It’s a small stage and a small venue, and a four-band lineup means it feels busy even before any punters turn up, and it’s one of those sweaty, drinking-like-it’s Saturday night intimate gigs that has something of a party vibe the moment you walk in, and it’s made all the better by a sound man who isn’t afraid to crank it up.

Spaff are on first, and their name certainly sets the bar low in terms of expectation. And visually… The singer’s questionable choice of office trousers and wifebeater vest (and seemingly obligatory chain) is paired with an iffy haircut. But the trio prove they’re not a load of wank, slugging hard and sound infinitely better than they look. Slamming down driving grunge riffs, they get properly heavy in places, while in others they’re more overtly punk. They showcase some particularly impressive drumming, with facial expressions to match, playing every beat with his mouth and manic eyes. There’s some innovative stuff going on with the arrangements, too, where the groovesome bass sometimes doubles as guitar, and it’s a solid sound. The last song is by far the best, with a genuine hook.

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Spaff

Apparently making their ‘technical’ debut after a number of previous debuts, Sickboy show off more questionable style, although it’s probably not intentionally an homage to Trainspotting: the drummer appears to be wearing scrubs while the bleach – haired guitarist has a knitted tank-top-cum-waistcoat, but again, musically they’re gutsy and loud, and they sound immense, with gritty guitars to the fore. The stage is a bit tight for four of them, so the singer spends much of the set in front. He prowls, hunched, menacing but awkward, anguished. There is a kinda 90s vibe with occasional hints of rap/rock crossover, and throughout they’re channelling a lot of angst, and in places sound a fair bit like Filter.

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Sickboy

Caesar Did It have one hell of a lot of effects and incorporate sequencers into their thick, post-grunge sound. It’s so dense, but also melodic, even a shade Alice in Chains or Soundgarden. Going slower, heavier, they venture into stoner rock territory, driven by some hard-hitting, expressive drumming. The guitarist has a short-sleeved t-shirt over a long-sleeved t-shirt that’s pure 90s, and has a chunky silver chain. He and bassist Kane share vocal duties to create a sound that nicely balances layers and thick, dirty overdrive.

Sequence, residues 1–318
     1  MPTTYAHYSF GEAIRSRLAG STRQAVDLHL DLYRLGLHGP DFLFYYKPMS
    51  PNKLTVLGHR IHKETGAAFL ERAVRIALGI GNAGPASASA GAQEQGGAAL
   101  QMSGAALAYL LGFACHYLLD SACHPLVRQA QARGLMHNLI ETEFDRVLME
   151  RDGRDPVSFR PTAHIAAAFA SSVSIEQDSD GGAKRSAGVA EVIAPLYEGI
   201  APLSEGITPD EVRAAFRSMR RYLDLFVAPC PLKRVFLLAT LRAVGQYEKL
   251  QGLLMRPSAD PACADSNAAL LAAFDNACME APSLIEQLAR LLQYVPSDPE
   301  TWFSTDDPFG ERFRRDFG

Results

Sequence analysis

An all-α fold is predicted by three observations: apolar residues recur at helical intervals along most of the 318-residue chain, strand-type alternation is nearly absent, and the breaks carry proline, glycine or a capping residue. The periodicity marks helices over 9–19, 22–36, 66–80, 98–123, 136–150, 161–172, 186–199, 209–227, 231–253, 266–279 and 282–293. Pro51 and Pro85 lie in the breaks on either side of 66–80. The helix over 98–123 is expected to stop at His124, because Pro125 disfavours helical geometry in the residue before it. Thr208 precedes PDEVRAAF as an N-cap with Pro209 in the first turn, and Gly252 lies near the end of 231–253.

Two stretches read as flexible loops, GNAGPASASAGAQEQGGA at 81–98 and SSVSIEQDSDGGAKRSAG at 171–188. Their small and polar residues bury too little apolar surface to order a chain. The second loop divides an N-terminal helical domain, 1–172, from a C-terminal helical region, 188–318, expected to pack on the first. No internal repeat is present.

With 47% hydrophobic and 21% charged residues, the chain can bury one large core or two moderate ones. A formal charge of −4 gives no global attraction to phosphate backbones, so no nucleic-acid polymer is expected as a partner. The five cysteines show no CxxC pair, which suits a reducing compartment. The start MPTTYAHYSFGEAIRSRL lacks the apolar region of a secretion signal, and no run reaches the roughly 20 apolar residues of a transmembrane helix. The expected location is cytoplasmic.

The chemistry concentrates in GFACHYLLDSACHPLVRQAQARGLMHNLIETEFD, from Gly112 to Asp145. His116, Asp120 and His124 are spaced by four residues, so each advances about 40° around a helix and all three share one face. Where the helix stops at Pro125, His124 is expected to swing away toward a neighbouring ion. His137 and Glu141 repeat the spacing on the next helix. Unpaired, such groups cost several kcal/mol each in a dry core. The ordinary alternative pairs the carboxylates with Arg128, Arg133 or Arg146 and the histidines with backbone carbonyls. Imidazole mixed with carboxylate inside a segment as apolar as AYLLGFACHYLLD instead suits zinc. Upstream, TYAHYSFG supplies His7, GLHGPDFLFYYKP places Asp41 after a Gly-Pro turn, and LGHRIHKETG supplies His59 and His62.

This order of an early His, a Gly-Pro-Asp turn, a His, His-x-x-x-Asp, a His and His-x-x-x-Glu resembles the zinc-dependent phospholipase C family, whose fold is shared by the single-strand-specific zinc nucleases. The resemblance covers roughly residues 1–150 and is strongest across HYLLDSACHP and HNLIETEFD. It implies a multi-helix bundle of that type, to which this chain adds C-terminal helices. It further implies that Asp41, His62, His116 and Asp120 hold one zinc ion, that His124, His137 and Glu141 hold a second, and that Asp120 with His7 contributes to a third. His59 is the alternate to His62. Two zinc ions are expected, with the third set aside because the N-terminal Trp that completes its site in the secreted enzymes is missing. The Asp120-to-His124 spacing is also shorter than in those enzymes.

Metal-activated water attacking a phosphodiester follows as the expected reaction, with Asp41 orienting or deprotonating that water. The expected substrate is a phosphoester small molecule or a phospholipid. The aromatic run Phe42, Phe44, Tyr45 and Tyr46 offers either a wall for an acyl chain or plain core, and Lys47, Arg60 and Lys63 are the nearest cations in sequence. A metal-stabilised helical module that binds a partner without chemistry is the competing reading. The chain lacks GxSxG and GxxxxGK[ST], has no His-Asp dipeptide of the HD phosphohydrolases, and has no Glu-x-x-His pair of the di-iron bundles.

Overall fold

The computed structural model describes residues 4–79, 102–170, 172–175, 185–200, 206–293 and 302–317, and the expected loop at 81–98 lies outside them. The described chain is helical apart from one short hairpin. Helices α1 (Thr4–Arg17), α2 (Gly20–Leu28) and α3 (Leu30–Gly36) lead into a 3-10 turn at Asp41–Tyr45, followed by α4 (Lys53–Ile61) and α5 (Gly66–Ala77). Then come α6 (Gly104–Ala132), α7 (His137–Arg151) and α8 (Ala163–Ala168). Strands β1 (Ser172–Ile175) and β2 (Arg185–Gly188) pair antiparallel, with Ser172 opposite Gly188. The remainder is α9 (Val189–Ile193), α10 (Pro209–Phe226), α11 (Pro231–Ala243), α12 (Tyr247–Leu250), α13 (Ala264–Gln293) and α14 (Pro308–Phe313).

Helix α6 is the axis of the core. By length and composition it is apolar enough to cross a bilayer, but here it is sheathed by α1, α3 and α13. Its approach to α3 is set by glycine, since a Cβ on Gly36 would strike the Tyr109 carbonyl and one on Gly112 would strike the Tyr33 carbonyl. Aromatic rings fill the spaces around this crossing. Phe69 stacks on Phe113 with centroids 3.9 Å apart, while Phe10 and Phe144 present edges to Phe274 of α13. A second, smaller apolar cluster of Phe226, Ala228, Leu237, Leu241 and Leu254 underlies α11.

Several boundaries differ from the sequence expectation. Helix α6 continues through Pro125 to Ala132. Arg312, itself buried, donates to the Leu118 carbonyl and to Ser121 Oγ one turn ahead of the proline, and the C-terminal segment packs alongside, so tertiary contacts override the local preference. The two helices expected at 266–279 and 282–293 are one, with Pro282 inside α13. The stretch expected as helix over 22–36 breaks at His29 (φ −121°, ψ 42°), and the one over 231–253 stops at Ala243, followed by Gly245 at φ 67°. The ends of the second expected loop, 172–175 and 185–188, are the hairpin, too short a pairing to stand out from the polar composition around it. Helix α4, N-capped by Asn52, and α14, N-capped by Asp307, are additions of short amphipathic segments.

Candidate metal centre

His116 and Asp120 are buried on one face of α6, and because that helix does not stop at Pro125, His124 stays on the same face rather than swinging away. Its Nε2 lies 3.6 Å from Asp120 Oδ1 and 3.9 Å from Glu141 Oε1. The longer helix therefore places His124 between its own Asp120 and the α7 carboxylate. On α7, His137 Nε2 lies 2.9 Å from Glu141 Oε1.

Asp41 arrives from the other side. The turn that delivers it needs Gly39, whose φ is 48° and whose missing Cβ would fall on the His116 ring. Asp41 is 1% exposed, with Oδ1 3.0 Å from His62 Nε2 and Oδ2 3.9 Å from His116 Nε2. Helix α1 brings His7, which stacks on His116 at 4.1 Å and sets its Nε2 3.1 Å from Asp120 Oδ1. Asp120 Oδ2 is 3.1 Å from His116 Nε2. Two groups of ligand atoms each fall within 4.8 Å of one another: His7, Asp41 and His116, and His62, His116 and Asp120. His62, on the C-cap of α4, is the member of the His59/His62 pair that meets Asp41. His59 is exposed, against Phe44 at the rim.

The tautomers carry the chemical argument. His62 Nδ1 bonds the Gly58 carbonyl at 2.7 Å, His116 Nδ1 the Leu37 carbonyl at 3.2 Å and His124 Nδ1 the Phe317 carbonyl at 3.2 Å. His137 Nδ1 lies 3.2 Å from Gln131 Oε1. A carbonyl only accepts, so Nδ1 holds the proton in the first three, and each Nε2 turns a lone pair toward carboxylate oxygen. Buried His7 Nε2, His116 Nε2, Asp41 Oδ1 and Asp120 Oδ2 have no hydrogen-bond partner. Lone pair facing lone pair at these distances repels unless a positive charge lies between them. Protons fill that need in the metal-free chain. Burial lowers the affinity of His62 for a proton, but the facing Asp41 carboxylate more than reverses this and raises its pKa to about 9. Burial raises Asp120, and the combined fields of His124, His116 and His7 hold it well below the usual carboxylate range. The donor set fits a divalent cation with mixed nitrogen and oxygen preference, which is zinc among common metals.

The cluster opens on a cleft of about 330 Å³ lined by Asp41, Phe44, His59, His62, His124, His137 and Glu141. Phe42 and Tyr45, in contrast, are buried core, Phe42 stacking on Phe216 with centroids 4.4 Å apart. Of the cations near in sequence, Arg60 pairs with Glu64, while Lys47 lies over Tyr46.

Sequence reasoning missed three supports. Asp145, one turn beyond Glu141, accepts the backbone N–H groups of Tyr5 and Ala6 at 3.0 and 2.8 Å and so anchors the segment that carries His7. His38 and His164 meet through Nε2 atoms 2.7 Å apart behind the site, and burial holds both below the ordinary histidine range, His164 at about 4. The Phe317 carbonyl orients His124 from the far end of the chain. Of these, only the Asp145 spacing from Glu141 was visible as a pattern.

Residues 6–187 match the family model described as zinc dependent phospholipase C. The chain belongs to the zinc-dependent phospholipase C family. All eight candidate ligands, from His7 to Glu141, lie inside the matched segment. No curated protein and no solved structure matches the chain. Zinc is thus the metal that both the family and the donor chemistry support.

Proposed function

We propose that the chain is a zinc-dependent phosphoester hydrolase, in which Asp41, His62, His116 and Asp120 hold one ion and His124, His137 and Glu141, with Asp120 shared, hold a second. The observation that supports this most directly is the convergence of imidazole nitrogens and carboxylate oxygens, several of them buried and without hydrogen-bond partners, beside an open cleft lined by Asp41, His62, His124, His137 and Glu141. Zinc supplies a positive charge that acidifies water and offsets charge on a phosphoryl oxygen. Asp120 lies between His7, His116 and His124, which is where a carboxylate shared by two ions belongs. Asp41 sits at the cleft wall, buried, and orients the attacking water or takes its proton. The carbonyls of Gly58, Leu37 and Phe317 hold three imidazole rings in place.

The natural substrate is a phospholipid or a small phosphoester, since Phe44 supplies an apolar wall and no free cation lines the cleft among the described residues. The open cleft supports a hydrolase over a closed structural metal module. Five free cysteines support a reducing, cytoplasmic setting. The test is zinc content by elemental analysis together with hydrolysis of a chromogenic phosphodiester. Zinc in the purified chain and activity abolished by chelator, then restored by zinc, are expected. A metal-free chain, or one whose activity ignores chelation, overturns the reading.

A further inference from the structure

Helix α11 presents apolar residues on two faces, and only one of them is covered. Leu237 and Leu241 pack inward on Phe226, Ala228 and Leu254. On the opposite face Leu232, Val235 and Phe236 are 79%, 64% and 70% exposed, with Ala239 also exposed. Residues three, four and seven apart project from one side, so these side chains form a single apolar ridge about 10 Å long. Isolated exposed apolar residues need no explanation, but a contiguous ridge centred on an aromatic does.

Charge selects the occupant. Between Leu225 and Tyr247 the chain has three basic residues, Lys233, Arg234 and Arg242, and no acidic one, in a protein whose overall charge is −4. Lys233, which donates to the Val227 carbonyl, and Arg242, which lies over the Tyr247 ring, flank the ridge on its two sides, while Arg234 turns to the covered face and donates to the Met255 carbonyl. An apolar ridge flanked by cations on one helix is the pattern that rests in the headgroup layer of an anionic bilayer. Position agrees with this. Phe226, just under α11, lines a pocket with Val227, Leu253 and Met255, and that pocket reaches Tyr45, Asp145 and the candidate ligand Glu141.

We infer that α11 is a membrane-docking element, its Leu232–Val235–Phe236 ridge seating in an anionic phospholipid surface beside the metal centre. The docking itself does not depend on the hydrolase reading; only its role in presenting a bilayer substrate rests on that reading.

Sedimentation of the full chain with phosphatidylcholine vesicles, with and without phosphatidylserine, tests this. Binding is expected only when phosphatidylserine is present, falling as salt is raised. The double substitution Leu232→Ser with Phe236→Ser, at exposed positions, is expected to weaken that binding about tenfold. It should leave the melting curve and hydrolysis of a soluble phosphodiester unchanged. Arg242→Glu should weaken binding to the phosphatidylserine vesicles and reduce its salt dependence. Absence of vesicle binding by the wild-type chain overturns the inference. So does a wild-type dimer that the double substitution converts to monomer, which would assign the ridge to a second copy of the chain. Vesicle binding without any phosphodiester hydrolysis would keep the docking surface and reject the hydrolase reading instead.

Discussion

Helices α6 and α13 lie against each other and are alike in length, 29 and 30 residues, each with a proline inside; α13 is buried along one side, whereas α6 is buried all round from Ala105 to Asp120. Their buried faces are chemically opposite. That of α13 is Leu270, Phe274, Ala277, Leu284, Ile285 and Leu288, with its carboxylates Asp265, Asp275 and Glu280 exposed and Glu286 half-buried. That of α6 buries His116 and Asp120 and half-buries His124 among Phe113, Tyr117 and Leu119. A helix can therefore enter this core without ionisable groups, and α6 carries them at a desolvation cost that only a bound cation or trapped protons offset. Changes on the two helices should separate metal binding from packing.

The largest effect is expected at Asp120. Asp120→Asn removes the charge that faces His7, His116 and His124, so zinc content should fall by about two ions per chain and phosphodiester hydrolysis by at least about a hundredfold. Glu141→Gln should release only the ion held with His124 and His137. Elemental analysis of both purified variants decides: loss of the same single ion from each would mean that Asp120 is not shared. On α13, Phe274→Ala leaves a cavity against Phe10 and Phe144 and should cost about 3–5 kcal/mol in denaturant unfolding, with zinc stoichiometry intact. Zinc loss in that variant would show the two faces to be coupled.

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Caesar Did It

Another gig, another lineup as Weekend Recovery continue their heavy live schedule in promotion of their new EP ‘No Guts, All the Glory’. Lori’s gone for some permutation of the superhero outfit, only it’s her bra rather than her underpants on the outside. I’m not sure it’ll take off, but stranger things have happened. The band’s true superhero tonight is stand—in drummer Elaina from Caesar Did It, filling in for Dan (not to be confused with bassist Dan) who’s out due to work commitments (damn those dayjobs!), Playing two sets back to back is pretty hardcore, and best of all, she’s a good fit, being a hard-hitter and super-tight.

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Weekend Recovery

Dan’s bass is dominant in a good way: it fills out the sound and he plays with passion, throwing some shapes and lofting his instrument in true ‘axeman’ style, and everything looks and sounds cohesive throughout this punchy set. ‘In the Mourning’ is an early rocket, and ‘Yeah’ is back into the set after not featuring on their last trip to Leeds in January.

If ‘There’s a Sense’ feels a bit flat and short on breath, the crowd are too busy bouncing and throwing themselves about or falling over to notice, and they immediately pick up the energy and power on through and end with a searing rendition of ‘No Guts’. It’s a ripping finish to a fiery set.

There are probably going to be some sore heads in the morning.

25th March 2022

Christopher Nosnibor

For the uninitiated, JW Paris is a band, rather than a person, and a band who’ve been described by 6Music’s Chris Hawkins as sounding like Joy Division.

It was around fifteen years ago when there was a huge buzz around emerging acts Interpol and Editors where all the hype was that they ‘sound like Joy Division’, and I rushed to check them out, and while I immediately loved both bands, my first reaction was ‘no, they don’t really.’ Yes, baritone vocals and post-punk guitars, throbbing bass… the elements were there, the influence was clear… but neither band sounded like Joy Division. But then, such is the length and darkness of the shadow cast by Joy Division, comparisons are invariably likely to build unrealistic expectations.

So I don’t expect ‘Electric Candle Light’, the fourth single from the ‘90’s grunge and Britpop inspired three-piece’ to sound like Joy Division – which is perhaps as well, because it doesn’t. But I’m not disappointed, and there’s certainly a Manchester vibe about them, despite their London base.

‘Electric Candle Light’ is a ramshackle lo-fi chunk of shaking rockabilly post-punk with a raucous lead guitar line that needles its way over a loose swaggering rhythm and has some catchy backing vocals zooming around in the mix.